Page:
United becomes the final 'Big 3' airline to ban emotional support animals
Hoping to bring an emotional support pup or kitty or miniature horse on your next flight? It's time to officially cross United off the list, unless your companion creature has been "specifically trained to assist people with disabilities."
Last month, the U.S. Department of Transportation closed a major loophole that had effectively allowed travelers to fly with a variety of pets in the cabin. Now, following similar moves by Alaska Airlines, American and Delta, United will no longer allow "emotional support animals" beginning this coming Monday, Jan. 11.
The airline's full statement is below:
United will limit the type of service animal permitted on board to dogs that have been specifically trained to assist people with disabilities, in accordance with new rules from the U.S. Department of Transportation. This change will further ensure a safe and accessible travel experience for our customers. Our new policy goes into effect on Jan. 11 and – beginning Feb. 1 – United passengers will be asked to complete a DOT-authorized form prior to travel that confirms their service animal’s training, health and certification. With this change, United will no longer accept emotional support animals on new reservations beginning Jan. 11. However, we will continue to accept emotional support animals for customers who booked tickets – and were approved for emotional support travel – before Jan. 11 for travel through Feb. 28. We are reaching out to customers impacted by these changes to discuss their options.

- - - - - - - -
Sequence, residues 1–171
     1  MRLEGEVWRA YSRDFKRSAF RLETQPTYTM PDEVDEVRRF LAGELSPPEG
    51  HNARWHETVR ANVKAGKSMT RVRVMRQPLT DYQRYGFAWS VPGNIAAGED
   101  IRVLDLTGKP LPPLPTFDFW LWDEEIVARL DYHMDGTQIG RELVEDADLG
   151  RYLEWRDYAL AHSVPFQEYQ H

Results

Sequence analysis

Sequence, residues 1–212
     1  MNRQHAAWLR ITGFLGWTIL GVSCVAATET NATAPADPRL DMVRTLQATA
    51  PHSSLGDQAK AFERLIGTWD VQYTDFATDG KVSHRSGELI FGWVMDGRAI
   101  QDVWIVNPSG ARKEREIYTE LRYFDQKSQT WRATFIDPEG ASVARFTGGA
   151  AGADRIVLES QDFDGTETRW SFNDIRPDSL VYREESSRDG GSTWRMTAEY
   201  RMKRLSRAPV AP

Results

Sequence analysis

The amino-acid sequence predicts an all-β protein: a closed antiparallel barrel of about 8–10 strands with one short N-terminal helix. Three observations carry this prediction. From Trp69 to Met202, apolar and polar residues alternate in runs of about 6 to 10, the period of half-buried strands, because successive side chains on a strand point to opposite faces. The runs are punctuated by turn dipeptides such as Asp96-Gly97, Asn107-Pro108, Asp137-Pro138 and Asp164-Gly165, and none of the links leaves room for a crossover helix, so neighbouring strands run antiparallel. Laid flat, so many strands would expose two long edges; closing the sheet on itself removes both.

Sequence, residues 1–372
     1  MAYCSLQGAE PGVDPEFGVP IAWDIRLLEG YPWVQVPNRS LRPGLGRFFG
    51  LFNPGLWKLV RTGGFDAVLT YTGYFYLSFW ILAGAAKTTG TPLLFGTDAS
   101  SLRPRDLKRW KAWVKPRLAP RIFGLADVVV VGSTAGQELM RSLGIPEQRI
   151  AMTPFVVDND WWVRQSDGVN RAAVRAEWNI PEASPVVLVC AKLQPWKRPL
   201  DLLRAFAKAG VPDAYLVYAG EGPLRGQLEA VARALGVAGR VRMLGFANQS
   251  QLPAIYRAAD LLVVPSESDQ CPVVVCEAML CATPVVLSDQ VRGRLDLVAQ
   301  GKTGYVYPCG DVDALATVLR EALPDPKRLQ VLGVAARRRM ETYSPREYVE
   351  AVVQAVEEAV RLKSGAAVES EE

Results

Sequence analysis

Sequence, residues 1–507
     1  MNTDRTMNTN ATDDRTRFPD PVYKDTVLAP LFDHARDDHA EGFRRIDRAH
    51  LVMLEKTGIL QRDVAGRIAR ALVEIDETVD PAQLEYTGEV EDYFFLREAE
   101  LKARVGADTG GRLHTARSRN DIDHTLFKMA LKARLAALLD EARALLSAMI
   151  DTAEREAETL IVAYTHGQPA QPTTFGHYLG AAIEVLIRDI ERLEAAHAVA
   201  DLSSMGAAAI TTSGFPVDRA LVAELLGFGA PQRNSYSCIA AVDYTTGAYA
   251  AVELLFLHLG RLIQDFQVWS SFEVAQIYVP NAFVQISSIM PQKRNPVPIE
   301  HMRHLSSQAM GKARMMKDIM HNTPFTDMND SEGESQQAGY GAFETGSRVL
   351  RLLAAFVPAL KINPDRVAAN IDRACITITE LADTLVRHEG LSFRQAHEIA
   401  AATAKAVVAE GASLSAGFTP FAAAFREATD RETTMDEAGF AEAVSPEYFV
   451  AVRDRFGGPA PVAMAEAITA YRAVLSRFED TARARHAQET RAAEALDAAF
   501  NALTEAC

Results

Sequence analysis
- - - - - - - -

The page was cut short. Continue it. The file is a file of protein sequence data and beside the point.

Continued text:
United has also updated the service animals section of its website, clarifying that "A service animal is a dog, regardless of breed or type, that is over the age of 4 months and individually trained to do work or perform tasks for the benefit of a qualified individual with a disability, including a physical, sensory, psychiatric, intellectual or other mental disability."
As of now, customers can travel with an emotional support animal through Feb. 28 as long as they book tickets — and are able to secure approval for their pet — by the end of this weekend.
After that, only service animals will be permitted free of charge, with the airline adding a $125 service charge for all other in-cabin pets, or an additional charge for larger animals traveling via the carrier's "PetSafe" program.